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March 22, 2012 12:00 am

“Your Unhappiness Means Nothing!”

avatar by Issamar Ginzberg

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Speaking taxes the brain, especially when you are speaking to top executives from around the world and have to keep pausing so the simultaneous translation into several languages can take place in real time. So, after my speech at the Jewish National Fund Marketing Conference 2012, I was quite hungry.  I went to a nearby burger place to buy something to eat stepping up to the counter to place my order.

“A burger please. No tomato. And a regular onion, no purple onion please, ok? Thank you.”

The man yells to the kitchen behind him. “One burger, no tomato or onion.”

I wait 10 minutes. Ten minutes is long to wait for fast food, but hey…

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While I’m waiting, I hear the manager in a loud discussion with his delivery guy. The manager is not very happy and he wastes no words or energy expressing that. He tells the delivery guy about how terrible the delivery system is, saying, “I chose to work with you guys instead of single motorcyclists because you are a company, and if one guy breaks down, they have my back! And now I have a large order that took over a half hour to be delivered! Unacceptable, I say!”

I’m pleased. It seems as though the manager understands how important customer service is. So when the ten minutes wass up and I still didn’t have my burger I stepped back up to the counter. Confident that in such a “customer service oriented place” my concerns will be addressed quickly – after all, I just heard the manager himself tell the delivery guy how important a timely delivery is – I walked up to the counter to show that I’m here and waiting, and the man behind the counter yells, ‘Where’s the burger?'”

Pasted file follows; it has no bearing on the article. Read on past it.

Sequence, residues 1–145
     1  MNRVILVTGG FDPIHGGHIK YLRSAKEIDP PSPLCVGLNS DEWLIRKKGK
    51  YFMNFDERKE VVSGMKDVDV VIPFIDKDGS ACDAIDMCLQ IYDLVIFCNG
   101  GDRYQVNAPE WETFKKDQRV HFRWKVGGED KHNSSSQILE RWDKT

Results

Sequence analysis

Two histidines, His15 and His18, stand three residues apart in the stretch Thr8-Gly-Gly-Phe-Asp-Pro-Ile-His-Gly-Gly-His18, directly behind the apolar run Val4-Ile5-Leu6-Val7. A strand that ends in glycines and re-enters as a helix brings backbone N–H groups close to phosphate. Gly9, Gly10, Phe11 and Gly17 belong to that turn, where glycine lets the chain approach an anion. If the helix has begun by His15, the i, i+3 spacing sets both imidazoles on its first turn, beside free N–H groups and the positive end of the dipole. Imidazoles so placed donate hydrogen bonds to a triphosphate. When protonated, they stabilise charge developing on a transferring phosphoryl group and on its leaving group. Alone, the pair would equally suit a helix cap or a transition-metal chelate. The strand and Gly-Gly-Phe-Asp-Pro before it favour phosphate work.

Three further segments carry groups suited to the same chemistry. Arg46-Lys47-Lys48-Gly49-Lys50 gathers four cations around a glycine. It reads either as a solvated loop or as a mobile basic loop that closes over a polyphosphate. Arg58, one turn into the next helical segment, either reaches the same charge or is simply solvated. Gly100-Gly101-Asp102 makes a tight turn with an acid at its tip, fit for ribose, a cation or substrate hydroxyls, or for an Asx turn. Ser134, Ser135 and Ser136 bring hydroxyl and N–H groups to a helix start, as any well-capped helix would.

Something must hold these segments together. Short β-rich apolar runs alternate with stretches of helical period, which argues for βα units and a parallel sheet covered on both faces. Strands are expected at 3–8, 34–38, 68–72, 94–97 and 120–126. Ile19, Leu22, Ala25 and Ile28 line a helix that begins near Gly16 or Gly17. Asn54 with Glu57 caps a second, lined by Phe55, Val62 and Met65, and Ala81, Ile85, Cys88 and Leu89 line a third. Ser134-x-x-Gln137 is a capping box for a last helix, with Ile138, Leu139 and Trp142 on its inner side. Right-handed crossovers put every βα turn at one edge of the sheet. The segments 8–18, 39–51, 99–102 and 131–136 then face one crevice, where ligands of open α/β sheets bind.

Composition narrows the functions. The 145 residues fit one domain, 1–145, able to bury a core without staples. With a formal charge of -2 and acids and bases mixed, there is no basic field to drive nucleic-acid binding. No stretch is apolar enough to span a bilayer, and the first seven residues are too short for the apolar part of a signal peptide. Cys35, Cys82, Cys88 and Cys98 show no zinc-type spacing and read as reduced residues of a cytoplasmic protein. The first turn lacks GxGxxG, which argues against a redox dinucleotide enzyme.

And there it is! Only, the burger comes with… You guessed it….with a tomato, and a shiny purple onion. So I asked, with a big smile, “Do you guys write down the orders? Because I specifically asked for a burger without tomato and with a regular onion, no purple onion.”

The guy picks off the tomato with a flourish, like maybe it was a piece of lint on my shoulder. Some other guy behind the counter starts yelling, “Who took his order? Why isn’t what he asked for in the system?!” Pointing to me, he barks, “Who took your order?! Who took your money?!” as though it was my fault somehow for ordering what I wanted.

Now, while you might be thinking, “Oy! They only want to make things right and show good customer service, I’m thinking about how hungry I am. This is all taking place while I’m still waiting for my food. I just gave a major speech to executives from 17 or so countries and I’m drained, hungry and frustrated. I don’t want to wait around while they trouble-shoot their ordering system. I want someone to hand me my food and apologize, and then say, “Eat. When your stomach is full and happy if it’s okay with you, I’ll come over to your table and find out what we can do to make sure this doesn’t happen again. This is unacceptable. We value your business. Ninety-eight percent of the time we get it right, but two percent of the time we get it wrong. Our goal is 100 percent happy customers.”

That’s not what I got. To make a long story short, I asked the fellow, “How long has this place been in business?”

“Eight months,” he says.

“And are you the owner?” I inquire.

“No, but I’m the manager,” he says. “The owner never comes in. He is in a different industry and picked this up as a side business.”

Seeing I was less than impressed with the place, he volunteers his personal opinion about customer service from his side of the counter. “Well, 98 out of every hundred people who come in here are happy with our service. You were unlucky enough to be one of the two  that are not. But our service is great and your unhappiness means nothing.”

I thought for a moment. Then I asked, “What if that two percent is bigger than the 98 percent? You never know who you might be talking to. Perhaps I have a company of 100 people I’m looking to buy dinner for and my happiness is important?”

He shrugged it off with a look of “Yeah right. If I believed that I’d also take you up on your offer to sell me the Brooklyn Bridge.”

There are so many lessons in this story but if you run your business in the opposite way of what was done here, you will be successful beyond your wildest dreams. Why? How? Not because one day that two percent is going to find you and tell everyone, but because 100 percent of your customers are going to tell everyone.